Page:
Not to be outdone by The Conjuring’s use of historical hauntings, British haunted house thriller The Banishing rips its subject from the history books. The Borley Rectory, upon which The Banishing loosely bases its story, is Britain’s Amityville Horror. With its large Gothic structure, Downton Abbey period setting, and stately British accents, The Banishing promises some classic haunted house horror. As an added bonus, director Christopher Smith has an impressive track record. His past directorial efforts include some hidden gems such as Triangle, Black Death, and Severance. After a limited UK theatrical release, Shudder is now streaming The Banishing for North American horror fans.
In 1930s England. Reverend Linus Forster, along with wife and daughter, settle into the Morley Rectory. After the mysterious disappearance of the previous pastor and his family, the Church has tasked Linus with restoring the townspeople’s faith. But no sooner than they’ve arrived and the Rectory’s secrets begin to creep out of the dark. Strange noises, bizarre images, and an entity intent on possessing their daughter push Forster and his wife, Marianne, to a breaking point. As the danger increases, the Forsters turn to a local occultist to save their daughter.
The Banishing Squanders Haunting Visuals With Glacial Pacing
In its opening scene, director Christopher Smith delivers an unsettling act of violence. Following the opening credits, The Banishing then quickly settles into an uneasy atmosphere. Smith and cinematographer Sarah Cunningham put their Gothic setting to good use. In spite of its familiar iconography, Cunningham stretches and tilts long hallways into looming figures. Moreover, Smith balances eccentric scenes with disturbing imagery the movie’s early-going. With its decent production quality and emphasis on atmosphere, The Banishing shows promise.
…early promise gives way to meandering pacing.
However, early promise gives way to meandering pacing. Instead of a slow burn The Banishing burns too slowly. That is, Smith forgets to to dial up the tension. As the movie drags in its middle act, Smith leaves audiences too much time to see through the subplots to what is a basic haunted house movie. Once you get past the period setting and British accents, The Banishing boasts all the familiar tropes. When David Beton et al’s screenplay introduces ambiguity to the narrative, The Banishing detours into more dissatisfying territory.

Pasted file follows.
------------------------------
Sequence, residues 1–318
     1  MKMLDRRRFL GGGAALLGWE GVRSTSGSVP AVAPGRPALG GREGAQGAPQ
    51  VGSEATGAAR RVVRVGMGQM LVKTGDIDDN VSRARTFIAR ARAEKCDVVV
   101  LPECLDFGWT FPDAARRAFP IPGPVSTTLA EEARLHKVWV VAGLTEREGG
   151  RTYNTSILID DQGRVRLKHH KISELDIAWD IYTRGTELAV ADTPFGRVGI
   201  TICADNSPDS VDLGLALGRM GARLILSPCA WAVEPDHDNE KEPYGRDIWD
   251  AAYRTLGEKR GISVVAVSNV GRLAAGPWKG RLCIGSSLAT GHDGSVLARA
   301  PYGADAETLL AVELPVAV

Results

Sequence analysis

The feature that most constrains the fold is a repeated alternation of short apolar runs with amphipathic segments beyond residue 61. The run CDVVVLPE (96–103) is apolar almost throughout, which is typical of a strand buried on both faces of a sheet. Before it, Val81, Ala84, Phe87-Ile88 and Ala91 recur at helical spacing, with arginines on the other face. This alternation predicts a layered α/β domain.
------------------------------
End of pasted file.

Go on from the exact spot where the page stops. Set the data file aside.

The Banishing Leaves Too Many Loose Threads
Maybe Smith was aiming for David Lynch-inspired surrealism. Regardless of his intent, The Banishing feels like it takes on too much for its own good. Too many of the story elements feel disconnected. Why does Smith insist on showing us a couple waltzing early in the movie? It can’t hep but feel like it’s there just for the sake of weirdness. True, its story of putting lost souls to rest has been done many times. But The Banishing overcomplicates things with subplots about Nazis and fascism and illegitimate children. None of these divergent elements come together in any satisfying way. In fact, The Banishing’s ending feels like a cheat.
None of these divergent elements comes together in any satisfying way.
Like its cinematography and production values, The Banishing’s performances are uniformly excellent. As the devout and sexually repressed Linus Forster, John Heffernan balances restraint with a sense of desperation. Though her character feels the most generic, Jessica Brown Findlay rises above the screenplay. Veteran character actors John Lynch (Boys From County Hell) and Sean Harris are the standouts. Specifically, Lynch’s ‘Bishop Malachi’ is quietly menacing. And Harris’ occultist Harry Reed mixes manic energy with an almost pitiful sadness.
The Banishing Fails To Translate Its Potential Into a Cohesive Movie
If The Banishing comes up short, it’s not for a lack of talent behind or in front of the camera. Everything about the movie looks good – from production values to cinematography to the performances. And there’s an interesting story teased in the movie. But The Banishing’s slow pacing and lack of a satisfying conclusion leave it as all build-up, no payoff. There’s a fine line between ambiguity and missing plot points. Unfortunately, Smith crosses the line, which leaves The Banishing feel undercooked.